Fed's Janet Yellen: 'Always some chance of a recession,' but 'expansions don't die of old age'

By Jim Puzzanghera

Reporting from Washington — Federal Reserve Chairwoman Janet L. Yellen told lawmakers Thursday that the central bank was studying the possibility of setting negative interest rates to boost the economy if needed, but she reiterated that the U.S. does not appear to be nearing a recession.

“There is always some chance of a recession in any year, but the evidence suggests that expansions don’t die of old age,” she told the Senate Banking Committee in her second day of testimony on Capitol Hill.

The economy has been expanding since mid-2009, and Yellen said it was premature to conclude that tumultuous financial markets and a global slowdown would derail the unusually long stretch of growth.

Still, she indicated that Fed policymakers could delay additional increases in the central bank’s benchmark interest rate, which was nudged up from near zero in December.

Yellen tried to keep all options on the table while waiting for more data about the recent market anxiety’s effects on the U.S. economy. She refused to be pinned down on whether Fed policymakers would enact another small increase to the so-called federal funds rate at their next meeting in March.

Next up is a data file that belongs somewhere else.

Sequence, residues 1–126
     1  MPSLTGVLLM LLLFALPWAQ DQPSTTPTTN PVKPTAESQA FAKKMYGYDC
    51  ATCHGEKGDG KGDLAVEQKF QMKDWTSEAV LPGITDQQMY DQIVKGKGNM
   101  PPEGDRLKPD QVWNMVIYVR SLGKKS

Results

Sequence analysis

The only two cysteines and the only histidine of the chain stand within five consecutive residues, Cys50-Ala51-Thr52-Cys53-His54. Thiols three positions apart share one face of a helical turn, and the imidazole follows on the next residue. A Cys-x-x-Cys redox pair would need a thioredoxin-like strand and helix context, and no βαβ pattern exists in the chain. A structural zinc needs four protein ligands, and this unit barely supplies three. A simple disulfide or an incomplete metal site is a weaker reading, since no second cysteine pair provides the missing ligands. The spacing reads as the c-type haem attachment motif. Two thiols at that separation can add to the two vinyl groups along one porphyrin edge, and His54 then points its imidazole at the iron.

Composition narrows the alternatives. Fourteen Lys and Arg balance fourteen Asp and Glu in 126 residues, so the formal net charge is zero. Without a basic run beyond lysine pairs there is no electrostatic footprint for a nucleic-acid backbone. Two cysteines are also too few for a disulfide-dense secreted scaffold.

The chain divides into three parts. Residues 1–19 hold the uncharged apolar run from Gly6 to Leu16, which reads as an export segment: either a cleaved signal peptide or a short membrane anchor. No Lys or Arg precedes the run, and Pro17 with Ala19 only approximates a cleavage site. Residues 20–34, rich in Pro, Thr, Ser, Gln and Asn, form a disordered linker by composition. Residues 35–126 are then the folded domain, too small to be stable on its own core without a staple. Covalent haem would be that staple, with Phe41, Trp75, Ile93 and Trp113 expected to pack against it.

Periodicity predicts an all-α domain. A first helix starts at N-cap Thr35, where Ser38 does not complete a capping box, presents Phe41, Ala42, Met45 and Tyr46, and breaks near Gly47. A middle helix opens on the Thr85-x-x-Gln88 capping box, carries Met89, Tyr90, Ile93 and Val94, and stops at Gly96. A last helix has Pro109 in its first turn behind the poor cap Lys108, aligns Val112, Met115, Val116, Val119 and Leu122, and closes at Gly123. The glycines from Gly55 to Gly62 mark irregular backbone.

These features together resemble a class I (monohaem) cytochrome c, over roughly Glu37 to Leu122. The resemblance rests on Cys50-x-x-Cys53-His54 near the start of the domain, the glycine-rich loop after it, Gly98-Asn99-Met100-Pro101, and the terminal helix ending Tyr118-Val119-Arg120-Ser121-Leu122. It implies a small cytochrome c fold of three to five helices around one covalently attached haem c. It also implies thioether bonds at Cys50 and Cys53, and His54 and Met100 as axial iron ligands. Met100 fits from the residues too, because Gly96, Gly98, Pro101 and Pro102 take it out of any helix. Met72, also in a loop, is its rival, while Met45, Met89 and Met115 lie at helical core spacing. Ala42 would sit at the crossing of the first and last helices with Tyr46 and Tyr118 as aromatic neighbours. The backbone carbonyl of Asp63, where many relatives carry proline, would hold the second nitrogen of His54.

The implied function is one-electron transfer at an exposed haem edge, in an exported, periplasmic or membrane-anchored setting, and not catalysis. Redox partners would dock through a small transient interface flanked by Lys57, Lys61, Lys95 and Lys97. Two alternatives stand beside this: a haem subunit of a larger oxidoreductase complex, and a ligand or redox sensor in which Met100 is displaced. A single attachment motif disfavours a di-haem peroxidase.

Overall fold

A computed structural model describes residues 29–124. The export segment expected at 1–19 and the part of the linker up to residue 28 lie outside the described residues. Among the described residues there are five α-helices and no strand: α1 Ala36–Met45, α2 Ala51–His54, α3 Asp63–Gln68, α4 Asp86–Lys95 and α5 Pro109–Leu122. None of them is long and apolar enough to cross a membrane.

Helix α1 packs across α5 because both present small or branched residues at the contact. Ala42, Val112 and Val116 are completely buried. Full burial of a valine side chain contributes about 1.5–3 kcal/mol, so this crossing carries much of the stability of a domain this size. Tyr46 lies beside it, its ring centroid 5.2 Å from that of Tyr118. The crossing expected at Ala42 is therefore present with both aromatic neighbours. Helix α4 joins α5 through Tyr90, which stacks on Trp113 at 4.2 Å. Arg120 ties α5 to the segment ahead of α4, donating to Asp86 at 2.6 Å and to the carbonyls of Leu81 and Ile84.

Fed policymakers were closely watching developments in financial markets and the global economy, Yellen said. She was cautiously optimistic about the U.S. economy, though she said recent strong increases in hourly earnings indicated only “tentative” evidence that sluggish wage growth was improving.

Senators pressed Yellen on the possibility the Fed would reduce the federal funds rate — whose target now is between 0.25% and 0.5% — to below zero, as some central banks in Europe and Asia have done. Such a move would encourage banks to lend excess reserves instead of holding on to them.

“I think people are beginning to observe that the Fed is probably out of ammunition [to boost the economy], unless you decide to go to negative rates,” said Sen. Bob Corker (R-Tenn.).

Yellen said the Fed is studying the legality and implications of such a step, which was briefly considered in 2010.

Although she said she wouldn’t take negative rates “off the table,” Yellen didn’t indicate the Fed was ready to reverse course and start reducing rates.